23  Using Arduino / Motors, Mechanics, and Power / 12V PC fan voltage control on: November 13, 2012, 06:05:02 pm
Hi, I am looking for a simple straight forward way to control the voltage to a PC fan with a 12VDC brush motor. Would like to be able to turn the fan on low speed (5V input) with Arduino pin set to low and high speed (12V) when the pin goes high...

Thanks for the input guys and sorry for being such a damn newb lol
24  Using Arduino / Motors, Mechanics, and Power / Re: DIY motor driver on: September 29, 2012, 12:23:49 pm
Quote
Could you please point me in the right direction for finding a mosfet that can switch 9+ amps?


https://www.sparkfun.com/products/10213


Nice, thanks!!
25  Using Arduino / Motors, Mechanics, and Power / Re: DIY motor driver on: September 29, 2012, 12:22:13 pm
Could you post a link or picture of your brushless motors. Most such motors don't work with a H-drive controller  which are designed to work with single winding motors.

Lefty

They're actually not motors, they're thermoelectric coolers (Peltiers).
26  Using Arduino / Motors, Mechanics, and Power / Re: DIY motor driver on: September 29, 2012, 09:40:26 am
Could you please point me in the right direction for finding a mosfet that can switch 9+ amps? I went over my design and realized that I really only need PID control over 2 motors now and the rest can be done by switching the devices (they're solid state) on/off when they hit their target values.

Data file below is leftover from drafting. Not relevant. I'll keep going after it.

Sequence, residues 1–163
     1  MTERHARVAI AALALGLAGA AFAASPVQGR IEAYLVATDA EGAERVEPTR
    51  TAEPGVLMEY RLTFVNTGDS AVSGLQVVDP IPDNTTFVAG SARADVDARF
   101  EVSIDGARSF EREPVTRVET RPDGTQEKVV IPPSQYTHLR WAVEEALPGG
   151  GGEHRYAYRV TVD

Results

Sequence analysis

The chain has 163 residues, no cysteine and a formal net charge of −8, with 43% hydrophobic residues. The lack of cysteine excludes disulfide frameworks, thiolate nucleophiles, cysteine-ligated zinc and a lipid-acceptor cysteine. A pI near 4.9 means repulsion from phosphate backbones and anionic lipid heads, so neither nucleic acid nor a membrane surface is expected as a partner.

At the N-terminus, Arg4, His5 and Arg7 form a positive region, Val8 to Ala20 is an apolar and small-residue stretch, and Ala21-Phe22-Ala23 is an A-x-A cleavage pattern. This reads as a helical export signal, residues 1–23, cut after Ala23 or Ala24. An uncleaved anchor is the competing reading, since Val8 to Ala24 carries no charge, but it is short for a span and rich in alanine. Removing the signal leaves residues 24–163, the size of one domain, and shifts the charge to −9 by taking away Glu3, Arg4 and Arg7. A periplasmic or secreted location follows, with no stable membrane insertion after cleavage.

Thanks!!
27  Using Arduino / Motors, Mechanics, and Power / Re: DIY motor driver on: September 29, 2012, 06:43:34 am
Thanks, I didn't think about looking there for chips! I have some of their prebuilt motor driver boards and love them.
28  Using Arduino / Motors, Mechanics, and Power / DIY motor driver on: September 28, 2012, 11:48:25 pm
Hello, I need to control 6 brushless motors each taking a max of 9amps at 12.5VDC and 2 brushed motors taking a max of 3amps at 12.5VDC. Typically I would just buy a pre-made H-Bridge, but since I need to control so many different channels it gets expensive... I need to be able to run the brushless motors in fwd/rev and PWM for PID control through Arduino... The 2 brushed motors are 12v 120mm PC fans and I'll be controlling the speed of those based on temperature through PID.

Any advice on how to go about this would really be appreciated. I'm not even sure what chips to use, etc. I found a bunch of cheap Chinese controllers on eBay but they use very low powered ST L298 chips.

Thanks!
29  Using Arduino / Programming Questions / Re: DS3234 RTC & Alarms on: December 17, 2011, 11:06:37 pm
jwatte, thanks for the help. Understanding the software is my problem. I tried your suggestion and it worked perfectly. Thank you very much!

On a funny note, when I first tried your suggestion, set pin 13 to output, etc, it wouldn't work... what the hell... After a few minutes of frustration I look down at my Arduino board and realize that I'm using Pin 13 for SPI CLK function lol. That's how it goes when you're operating on 5hrs of sleep... Time for bed before my brain melts smiley
30  Using Arduino / Programming Questions / Re: DS3234 RTC & Alarms on: December 11, 2011, 08:59:58 pm
I'm still confused lol. If I try to type in if(hour == etc...) the compiler comes back and says that "hour" was not declared in this scope.

This code prints the correct information to the serial port but I just don't know how to interface with it to use what it's printing...